Need to address key selection criteria in your application? Here’s how to do it.
Key selection criteria set out the skills, experience, personal attributes and qualifications that an employer is looking for in candidates for a particular role. It’s incredibly important that you address each aspect of them carefully in your application, as the hiring manager will use them to measure your suitability for the job.
To do this you need to create a separate document called a Selection Criteria Statement in which you list each criterion, followed by a description of the relevant skills and experience you have. The trick is to provide meaningful examples that accurately describe your aptitude in a certain area, using the STAR technique – describing the Situation, Task, Action and Result – to shape your answers.
To give you an idea of what that may look like, here are two common key selection criteria and example answers:
1. ‘A high level of written and oral communication skills’
I have been able to build excellent written and oral communication skills whilst volunteering as an events coordinator for a local annual film festival for the last three years. From the initial discussions with the event organisers and taking in their vision to producing an in-depth proposal for the event, briefing our volunteers, liaising with contractors and suppliers and coordinating different teams, communication skills were key to ensuring the event’s success.
One year I had to deal with a change of venue just a month before the event. Not only did all our volunteers, suppliers and contributors need to be informed, I also had to get the word out to our visitors as soon as possible. I got in touch with all our suppliers and contributors within one day and worked with the marketing team to ensure the change was communicated via our social media channels. I even managed to get new posters printed and distributed within a week. Getting this done so quickly meant we did not face any significant delays in our preparations and the event could go ahead as planned.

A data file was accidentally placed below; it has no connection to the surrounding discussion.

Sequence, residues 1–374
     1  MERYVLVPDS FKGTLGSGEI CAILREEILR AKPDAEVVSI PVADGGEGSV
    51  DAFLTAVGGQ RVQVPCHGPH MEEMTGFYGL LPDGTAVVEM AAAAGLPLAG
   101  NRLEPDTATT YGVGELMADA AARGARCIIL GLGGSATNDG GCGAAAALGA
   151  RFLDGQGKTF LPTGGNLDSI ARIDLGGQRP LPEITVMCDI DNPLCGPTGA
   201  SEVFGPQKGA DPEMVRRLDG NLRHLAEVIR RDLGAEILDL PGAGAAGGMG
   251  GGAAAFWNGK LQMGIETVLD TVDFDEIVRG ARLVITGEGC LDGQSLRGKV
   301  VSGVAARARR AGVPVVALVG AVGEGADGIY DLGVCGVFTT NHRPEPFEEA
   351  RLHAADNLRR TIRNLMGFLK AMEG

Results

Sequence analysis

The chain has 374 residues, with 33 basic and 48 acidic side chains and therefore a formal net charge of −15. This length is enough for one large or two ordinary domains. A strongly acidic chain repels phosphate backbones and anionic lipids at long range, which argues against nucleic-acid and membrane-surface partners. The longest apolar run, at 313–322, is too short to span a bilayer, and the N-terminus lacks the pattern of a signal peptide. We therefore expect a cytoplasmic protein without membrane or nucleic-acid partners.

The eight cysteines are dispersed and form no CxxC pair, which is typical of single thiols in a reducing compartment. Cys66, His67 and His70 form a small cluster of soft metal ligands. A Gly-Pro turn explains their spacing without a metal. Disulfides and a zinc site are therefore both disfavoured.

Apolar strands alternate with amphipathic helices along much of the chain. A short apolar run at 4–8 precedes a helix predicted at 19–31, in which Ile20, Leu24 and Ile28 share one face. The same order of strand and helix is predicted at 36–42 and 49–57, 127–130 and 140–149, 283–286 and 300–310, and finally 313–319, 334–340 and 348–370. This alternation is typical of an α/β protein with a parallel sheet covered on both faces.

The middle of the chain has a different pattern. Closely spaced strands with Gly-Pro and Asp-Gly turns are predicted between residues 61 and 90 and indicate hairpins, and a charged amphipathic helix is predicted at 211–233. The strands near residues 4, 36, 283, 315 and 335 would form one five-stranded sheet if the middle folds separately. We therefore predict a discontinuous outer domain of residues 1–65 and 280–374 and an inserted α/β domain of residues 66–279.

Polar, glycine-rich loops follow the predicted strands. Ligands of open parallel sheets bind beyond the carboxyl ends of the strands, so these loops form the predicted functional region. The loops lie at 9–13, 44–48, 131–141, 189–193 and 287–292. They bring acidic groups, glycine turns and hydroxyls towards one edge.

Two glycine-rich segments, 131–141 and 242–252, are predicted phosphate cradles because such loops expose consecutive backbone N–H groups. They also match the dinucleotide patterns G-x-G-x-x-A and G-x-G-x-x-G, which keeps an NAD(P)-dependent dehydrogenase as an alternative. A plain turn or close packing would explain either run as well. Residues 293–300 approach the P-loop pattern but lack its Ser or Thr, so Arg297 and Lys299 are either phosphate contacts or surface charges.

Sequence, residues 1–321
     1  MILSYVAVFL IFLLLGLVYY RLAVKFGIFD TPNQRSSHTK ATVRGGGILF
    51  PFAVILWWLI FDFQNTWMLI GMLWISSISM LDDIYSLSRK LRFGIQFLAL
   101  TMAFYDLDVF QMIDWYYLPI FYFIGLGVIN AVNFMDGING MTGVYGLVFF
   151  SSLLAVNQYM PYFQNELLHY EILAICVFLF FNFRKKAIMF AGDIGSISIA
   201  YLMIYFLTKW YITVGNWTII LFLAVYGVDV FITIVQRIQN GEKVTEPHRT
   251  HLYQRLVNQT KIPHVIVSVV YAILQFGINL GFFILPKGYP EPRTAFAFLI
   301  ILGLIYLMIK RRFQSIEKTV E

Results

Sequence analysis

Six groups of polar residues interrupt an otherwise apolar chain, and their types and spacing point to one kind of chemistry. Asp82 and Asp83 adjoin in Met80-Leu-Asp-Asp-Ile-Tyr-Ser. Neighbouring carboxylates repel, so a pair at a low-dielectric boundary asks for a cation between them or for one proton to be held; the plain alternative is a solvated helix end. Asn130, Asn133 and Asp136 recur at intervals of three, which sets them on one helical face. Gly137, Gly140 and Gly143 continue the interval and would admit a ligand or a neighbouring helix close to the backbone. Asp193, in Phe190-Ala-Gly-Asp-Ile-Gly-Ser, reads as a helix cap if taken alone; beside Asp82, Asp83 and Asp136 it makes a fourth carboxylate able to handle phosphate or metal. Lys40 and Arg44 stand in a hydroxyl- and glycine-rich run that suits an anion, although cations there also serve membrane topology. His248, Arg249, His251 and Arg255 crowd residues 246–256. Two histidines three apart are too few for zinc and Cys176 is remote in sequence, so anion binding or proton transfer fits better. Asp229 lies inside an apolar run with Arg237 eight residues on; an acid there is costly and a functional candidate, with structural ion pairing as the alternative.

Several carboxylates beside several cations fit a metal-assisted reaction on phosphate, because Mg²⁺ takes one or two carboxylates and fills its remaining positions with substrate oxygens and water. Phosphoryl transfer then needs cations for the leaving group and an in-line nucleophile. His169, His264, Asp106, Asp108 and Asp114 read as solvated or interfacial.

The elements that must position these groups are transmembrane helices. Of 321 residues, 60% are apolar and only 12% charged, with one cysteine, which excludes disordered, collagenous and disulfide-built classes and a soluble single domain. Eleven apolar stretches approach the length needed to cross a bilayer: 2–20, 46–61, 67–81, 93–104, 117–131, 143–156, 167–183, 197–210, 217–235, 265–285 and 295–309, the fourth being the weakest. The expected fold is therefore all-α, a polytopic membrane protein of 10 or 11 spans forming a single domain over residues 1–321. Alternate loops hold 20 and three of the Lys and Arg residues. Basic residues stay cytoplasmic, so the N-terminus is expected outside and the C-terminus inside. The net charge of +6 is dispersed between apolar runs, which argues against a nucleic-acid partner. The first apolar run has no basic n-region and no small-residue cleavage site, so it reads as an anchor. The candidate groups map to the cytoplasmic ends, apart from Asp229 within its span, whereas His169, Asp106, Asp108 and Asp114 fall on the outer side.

2. ‘Strong time-management skills and the ability to meet deadlines’
During my final year at university I took on a part-time job to generate some extra income. Having to juggle going to classes and studying with my part-time job, whilst still completing assignments on time forced me to develop systems to keep myself on track. I had to be efficient with my time and procrastination was no longer an option. I became great with to-do lists and adhered to the blocks of time I’d allocated to each task. It was a learning curve, but I was not only proud of what I achieved but surprised by how much I could achieve.
Since I worked weekends and Friday evenings, I had to make clever use of time in between classes to get my course work done. At the end of each week I would make a list of my key priorities for the week ahead and block out time in my schedule to work on them. Half-way through the year I also started writing for the student newspaper, which meant I had to deliver one new article each week with a strict deadline on Saturday morning. I always made sure I had a draft ready by Wednesday, giving myself some time to make last-minute edits if necessary and submit my work on time. By being organised and planning ahead I was able to stay on top of my workload for university, make enough money to support myself and get valuable work experience as a writer on the side.
These are just two of many examples of how to answer key selection criteria that are available online. Take your time to look through a few and have a go at answering some yourself. As long as you read the criteria carefully, supply specific examples to support your case and use the STAR technique to formulate your answers, you should be well on your way to impressing a hiring manager.